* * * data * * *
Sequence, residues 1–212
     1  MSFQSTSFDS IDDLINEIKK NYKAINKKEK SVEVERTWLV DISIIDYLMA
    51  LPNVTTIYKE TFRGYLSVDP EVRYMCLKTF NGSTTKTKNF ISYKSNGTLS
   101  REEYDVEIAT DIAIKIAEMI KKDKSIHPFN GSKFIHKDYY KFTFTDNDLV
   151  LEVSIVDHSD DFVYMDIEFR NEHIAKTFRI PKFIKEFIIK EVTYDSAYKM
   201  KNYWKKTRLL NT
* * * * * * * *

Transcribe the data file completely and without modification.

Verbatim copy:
Sequence, residues 1–212
     1  MSFQSTSFDS IDDLINEIKK NYKAINKKEK SVEVERTWLV DISIIDYLMA
    51  LPNVTTIYKE TFRGYLSVDP EVRYMCLKTF NGSTTKTKNF ISYKSNGTLS
   101  REEYDVEIAT DIAIKIAEMI KKDKSIHPFN GSKFIHKDYY KFTFTDNDLV
   151  LEVSIVDHSD DFVYMDIEFR NEHIAKTFRI PKFIKEFIIK EVTYDSAYKM
   201  KNYWKKTRLL NT